Grammy voters can't seem to get enough fun. Going into the Feb. 10 awards show, the pop trio has a field-leading six nominations, including the "big four": best new artist, song, album and record of the year.
By any standard, Nate Ruess, Jack Antonoff and Andrew Dost have set the bar high for their future. Second album Some Nights should reach a million sales soon, possibly in the week following the Grammys telecast on CBS. The group has sold more than 10 million downloads of singles We Are Young, Some Nights and the new Carry On.
Building such career momentum is one thing. Maintaining it is another matter entirely.
"There are a lot of ways for people to go off the rails if they make an impact fairly early," says Rolling Stone contributing editor Anthony DeCurtis. "When you deal in the pop realm, it's a fickle place. There's no way around it."
But fun. has factors working in its favor. Before the group formed in 2008, each member developed grassroots followings in other bands (Ruess, 30, signed his first major-label record deal at 19). Their Some Nights album combined different genres to form a distinctively exuberant sound. Breakthrough hit We Are Young developed a broad audience base at alternative and adult-alternative radio formats before crossing over to mainstream top 40 airplay.
Dalton Sim, the band's manager, says they want to continue developing that audience as their career grows.
"If they can become an arena band, they want to be an arena band," Sim says. However, "we don't want to skip any steps on the touring side. We've seen other bands in similar situations that went for the big thing and got it for a minute, but it disappeared. Then they didn't really know what they were worth."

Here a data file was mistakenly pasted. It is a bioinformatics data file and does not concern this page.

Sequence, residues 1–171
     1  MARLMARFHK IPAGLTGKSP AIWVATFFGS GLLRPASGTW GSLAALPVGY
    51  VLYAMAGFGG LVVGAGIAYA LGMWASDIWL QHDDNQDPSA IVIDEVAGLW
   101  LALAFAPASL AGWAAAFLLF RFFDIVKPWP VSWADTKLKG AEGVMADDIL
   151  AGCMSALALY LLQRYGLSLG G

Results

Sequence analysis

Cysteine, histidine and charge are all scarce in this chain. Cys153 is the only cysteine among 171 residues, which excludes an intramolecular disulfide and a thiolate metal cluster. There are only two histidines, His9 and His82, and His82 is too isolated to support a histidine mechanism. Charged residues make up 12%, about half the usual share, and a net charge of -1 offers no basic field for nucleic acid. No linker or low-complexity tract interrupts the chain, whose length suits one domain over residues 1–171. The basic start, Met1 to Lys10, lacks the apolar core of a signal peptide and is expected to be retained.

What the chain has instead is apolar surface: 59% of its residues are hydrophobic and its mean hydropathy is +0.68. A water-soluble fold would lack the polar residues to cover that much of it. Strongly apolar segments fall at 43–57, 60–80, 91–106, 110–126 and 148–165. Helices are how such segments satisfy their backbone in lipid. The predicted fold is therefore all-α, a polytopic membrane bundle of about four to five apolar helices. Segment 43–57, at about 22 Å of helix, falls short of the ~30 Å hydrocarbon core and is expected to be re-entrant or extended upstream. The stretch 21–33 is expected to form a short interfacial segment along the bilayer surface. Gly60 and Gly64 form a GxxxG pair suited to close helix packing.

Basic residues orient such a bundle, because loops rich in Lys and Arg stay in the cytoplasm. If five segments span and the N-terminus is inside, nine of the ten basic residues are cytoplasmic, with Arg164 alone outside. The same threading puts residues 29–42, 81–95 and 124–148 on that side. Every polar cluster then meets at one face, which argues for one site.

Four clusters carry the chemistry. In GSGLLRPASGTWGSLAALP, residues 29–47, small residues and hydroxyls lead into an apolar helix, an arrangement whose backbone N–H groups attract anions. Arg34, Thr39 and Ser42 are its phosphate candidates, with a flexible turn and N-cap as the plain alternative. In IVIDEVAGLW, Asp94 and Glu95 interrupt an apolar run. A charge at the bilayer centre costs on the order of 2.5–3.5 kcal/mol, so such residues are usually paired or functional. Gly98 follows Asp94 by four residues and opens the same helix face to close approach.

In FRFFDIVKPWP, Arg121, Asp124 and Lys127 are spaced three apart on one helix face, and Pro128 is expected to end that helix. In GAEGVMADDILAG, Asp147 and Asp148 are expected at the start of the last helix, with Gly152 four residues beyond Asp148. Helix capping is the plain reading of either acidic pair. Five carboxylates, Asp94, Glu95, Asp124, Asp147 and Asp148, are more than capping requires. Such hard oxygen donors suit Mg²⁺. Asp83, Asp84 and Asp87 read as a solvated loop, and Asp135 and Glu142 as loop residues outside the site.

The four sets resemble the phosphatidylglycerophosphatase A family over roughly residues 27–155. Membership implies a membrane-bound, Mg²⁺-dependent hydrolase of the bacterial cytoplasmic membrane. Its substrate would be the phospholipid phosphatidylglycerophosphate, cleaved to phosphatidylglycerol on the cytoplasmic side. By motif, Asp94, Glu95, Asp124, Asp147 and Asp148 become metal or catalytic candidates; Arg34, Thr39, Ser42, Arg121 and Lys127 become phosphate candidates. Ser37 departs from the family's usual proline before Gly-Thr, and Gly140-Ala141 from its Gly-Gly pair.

While recording the Some Nights album, fun. "tried to buck trends more than anything and make their own path," says producer Jeff Bhasker. "Artists who do that have a long career, because you're not chasing anything and falling into the trap of being hip."
The band is in the writing stage of a follow-up album that will go a long way toward proving how much staying power fun. has. "Everyone feels the next album shouldn't try to re-create Some Nights," Bhasker says. "It should create a new, surprising, pertinent statement."
How fun.'s members deal with their newfound fame may be as key as any musical direction, says Scott Lindy, program director for WSTR-FM in Atlanta.
"It's a pretty steep climb to success in a short amount of time," he says. "That's a lot for young guys to handle. If they can keep their emotions in check and remain friends, these guys could be around in 10 years. They've got the kind of talent to do it."